Statement of Congressman Jim Costa
For the past 25 years, I have worked hard as a California state legislator and, today, as a Member of Congress, to enact public policy that recognizes the needs and rights of crime victims.
When I came to Washington, I discovered there was a void in leadership on victims' issues. In order to fill the vacuum, I joined with my colleagues from across the aisle to found a new Voice for Victims in Congress: The Congressional Victims Rights Caucus, which I am proud to co-chair. The members of our bipartisan Victims' Rights Caucus believe victims have suffered enough. And because I believe so strongly in the cause of Victims' Rights, I am fighting the Administration's reckless attempt to balance the budget on the backs of victims.
Crime victims are our sons and daughters, sisters and brothers, parents and neighbors and friends who are struggling to survive in the aftermath of crime. These are people who deserve services and support to help them cope.
Yet, the Administration has proposed to take money from the Crime Victims' Fund and dump it into the grand abyss of the general treasury.
The Crime Victims' Fund is not taxpayers' money. The concept behind the Fund is smart and simple: We take fines levied on criminals and distribute the money to victims' service providers. So the Administration's proposal is wrongheaded and shows no sense of history.
In 1980, President Reagan first called for a national observance to recognize and honor victims of crimes, their families, and survivors. Victims' Rights Week, which is this week, also pays tribute to the thousands of community services providers that give critical support to victims every week of the year. Victims' Rights Week has since been proclaimed annually with ceremonies and observances in across the nation.
President Reagan's commitment to the rights of victims lead to the passage of the Victims of Crime Act, which in 1984 created the Crime Victims Fund.
Yet, in spite of this history, this administration is trying to take that money, meant for victims, and place it in the general treasury. If the Administration succeeds, it will mean that those who deserve more - the victims' of crime and their families - will have less.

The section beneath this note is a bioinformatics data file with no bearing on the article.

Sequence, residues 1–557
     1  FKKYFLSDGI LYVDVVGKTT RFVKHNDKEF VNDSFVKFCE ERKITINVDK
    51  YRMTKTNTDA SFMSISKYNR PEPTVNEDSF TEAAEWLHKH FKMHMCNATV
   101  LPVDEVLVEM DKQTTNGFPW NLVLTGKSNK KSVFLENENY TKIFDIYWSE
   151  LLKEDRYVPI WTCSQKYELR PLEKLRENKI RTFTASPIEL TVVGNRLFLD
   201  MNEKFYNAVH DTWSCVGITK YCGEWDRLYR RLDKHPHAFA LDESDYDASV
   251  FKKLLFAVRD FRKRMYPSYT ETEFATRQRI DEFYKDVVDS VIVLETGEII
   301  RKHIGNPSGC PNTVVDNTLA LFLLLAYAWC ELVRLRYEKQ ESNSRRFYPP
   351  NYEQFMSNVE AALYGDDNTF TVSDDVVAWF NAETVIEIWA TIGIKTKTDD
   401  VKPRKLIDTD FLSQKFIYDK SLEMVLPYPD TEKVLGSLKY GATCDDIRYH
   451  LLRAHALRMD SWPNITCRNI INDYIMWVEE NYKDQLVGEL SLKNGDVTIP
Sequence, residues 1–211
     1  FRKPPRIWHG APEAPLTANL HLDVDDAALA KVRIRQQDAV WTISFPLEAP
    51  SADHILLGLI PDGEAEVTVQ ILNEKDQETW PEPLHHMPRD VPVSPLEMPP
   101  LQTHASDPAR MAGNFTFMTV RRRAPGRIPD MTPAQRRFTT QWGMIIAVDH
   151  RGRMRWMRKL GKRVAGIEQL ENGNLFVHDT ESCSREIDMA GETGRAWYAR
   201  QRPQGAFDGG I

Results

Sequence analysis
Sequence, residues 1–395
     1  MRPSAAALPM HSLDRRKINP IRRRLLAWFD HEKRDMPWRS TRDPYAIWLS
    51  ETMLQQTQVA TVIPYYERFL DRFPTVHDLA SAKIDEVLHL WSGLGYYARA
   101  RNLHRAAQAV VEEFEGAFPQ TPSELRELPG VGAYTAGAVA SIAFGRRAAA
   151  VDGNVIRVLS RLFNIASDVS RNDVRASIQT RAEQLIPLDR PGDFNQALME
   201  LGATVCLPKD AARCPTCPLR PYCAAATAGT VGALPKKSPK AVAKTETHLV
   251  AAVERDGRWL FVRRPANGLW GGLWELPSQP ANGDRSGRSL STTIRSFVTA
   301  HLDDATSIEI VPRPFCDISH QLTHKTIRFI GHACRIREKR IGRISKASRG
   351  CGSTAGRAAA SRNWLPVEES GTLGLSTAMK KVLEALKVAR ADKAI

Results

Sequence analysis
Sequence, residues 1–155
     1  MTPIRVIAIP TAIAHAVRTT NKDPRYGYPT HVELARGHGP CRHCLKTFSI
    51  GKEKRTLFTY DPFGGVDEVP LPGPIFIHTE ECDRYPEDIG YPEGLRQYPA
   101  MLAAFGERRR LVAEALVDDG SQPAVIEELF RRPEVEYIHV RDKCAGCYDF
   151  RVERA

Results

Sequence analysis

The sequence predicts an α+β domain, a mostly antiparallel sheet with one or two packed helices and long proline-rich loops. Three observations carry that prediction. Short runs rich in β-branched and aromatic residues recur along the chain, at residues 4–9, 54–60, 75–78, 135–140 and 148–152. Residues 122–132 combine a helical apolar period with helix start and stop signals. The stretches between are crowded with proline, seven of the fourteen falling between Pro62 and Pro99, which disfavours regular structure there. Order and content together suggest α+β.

During the current session of Congress, along with my fellow Caucus co-chairs, I introduced a resolution that recognizes a fact that many Americans know all too well: Crime does not know any geographic, demographic or political boundary; it touches all of our communities. The Resolution expresses support for Victims' Rights Week and the Crime Victims' Fund, two legacies of President Reagan.
The Crime Victims Fund serves 3.8 million victims every year. It helps get beds in domestic violence shelters, ensure rape victims receive proper counseling and even helps families pay for funerals. Still the Fund is under attack from the Administration and that is wrong. As long as I am in Congress, I will fight any efforts that would effectively deny services to victims.
The Fund plays a crucial role in our local community's work to assist victims. Several groups here in Fresno rely on this funding source, including, the Fresno County Probation Department, the Marjaree Mason Center, the Rape Counseling Service of Fresno and the Comprehensive Youth Services organization..
These are great examples of the diverse types of organizations that receive funding - whether it is to provide health care, counseling or cover funeral expenses this funding is extremely useful in serving local communities.
Just this week, I have brought together over 100 members of Congress to demand the Fund is used for what President Reagan intended: to help victims who truly need and deserve assistance and to hold offenders accountable.
It is the primary job of public servants to protect our citizens from harm. The Crime Victims Fund is an expression of our commitment to that principal. Because of what it is and what it does, the Administration ought to leave the Crime Victims' Fund alone.
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